Lining for a LoafPosted by Pailin Chongchitnant on Wednesday, May 11th, 2011
Tags for this Article: bread, san francisco, sourdough, Tartine
I believe 30 minutes of my time is worth more than all less-than-awesome food, and so there are few places (the awesome-and-above places) I would actually line up for. When I arrived at Tartine Bakery in San Francisco on a windy Saturday early evening, to discover a lineup that goes far, far beyond their premises, I was a little frustrated and perplexed….I didn’t realize bakery hangouts on a Saturday evening was the new Bay Area fad…shouldn’t people be getting ready to go out for dinner or something? Now, I’d been to Tartine before, to the command of a friend who, upon finding out about my move to San Francisco, said, “Whatever you do, you MUST go to Tartine!” That time, there was a lot of people, but not a near-demonstration like this. I lined up anyway, since I had an out-of-towner with me and wanted him to try their wonderful, beyond-awesome Morning Buns. And because lineups in San Francisco are generally pretty accurate indicators of good food (unlike in some other cities.)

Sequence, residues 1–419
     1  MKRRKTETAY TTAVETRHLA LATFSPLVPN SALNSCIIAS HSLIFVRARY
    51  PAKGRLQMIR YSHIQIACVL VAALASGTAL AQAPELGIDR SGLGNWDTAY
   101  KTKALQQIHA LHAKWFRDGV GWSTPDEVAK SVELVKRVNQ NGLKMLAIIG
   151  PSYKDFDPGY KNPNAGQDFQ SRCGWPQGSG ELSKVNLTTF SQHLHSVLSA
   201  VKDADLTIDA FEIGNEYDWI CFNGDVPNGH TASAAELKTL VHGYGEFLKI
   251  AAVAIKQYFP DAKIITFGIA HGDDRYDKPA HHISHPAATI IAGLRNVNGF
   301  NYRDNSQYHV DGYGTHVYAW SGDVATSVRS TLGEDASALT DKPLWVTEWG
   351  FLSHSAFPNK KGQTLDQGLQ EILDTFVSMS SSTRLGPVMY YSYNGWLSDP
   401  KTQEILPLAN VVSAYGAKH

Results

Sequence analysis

As I read the bakery’s menu while waiting, I finally figured out what was going on. In bold, the bottom of the menu said, “Our breads are made with locally milled organic flours and sea salt. Baked on a radiant stone hearth. Loaves are out of the oven after 5:00 pm Wednesday through Sunday…” Ahhhhh….THAT’s why all the lineups are here. This got me really excited, having arrived just before 5 felt like the was the Universe’s plan to lead me to this discovery.
Finally, we got to the counter and ordered te most expensive loaf of bread I had ever seen ($7, although it’s also incredibly heavy and large, so the value of it really isn’t bad at all.) We ordered just a plain loaf. We could still feel the warmth of the loaf through the paper bag it came in. The crust was full of that beautiful bread blisters you can’t find on light and fluffy bread. The crust was dark, thick, and intense-looking. This looked like some hardcore bread. The loaf’s smell was also intense. It smelled so much like bread that other breads seem like diluted impostors. It was the smell of a sourdough that had gone through a long and slow fermentation.
We sat outside and proceeded to devour chunks of warm, chewy, tangy goodness that we tore straight from the loaf like savages. Ahhh….it was worth every minute of waiting, and it was the happiest coincidence I’d had in a long time. After watching this video that shows the passion and attention that was put into those loaves, I’m not surprised it was that good.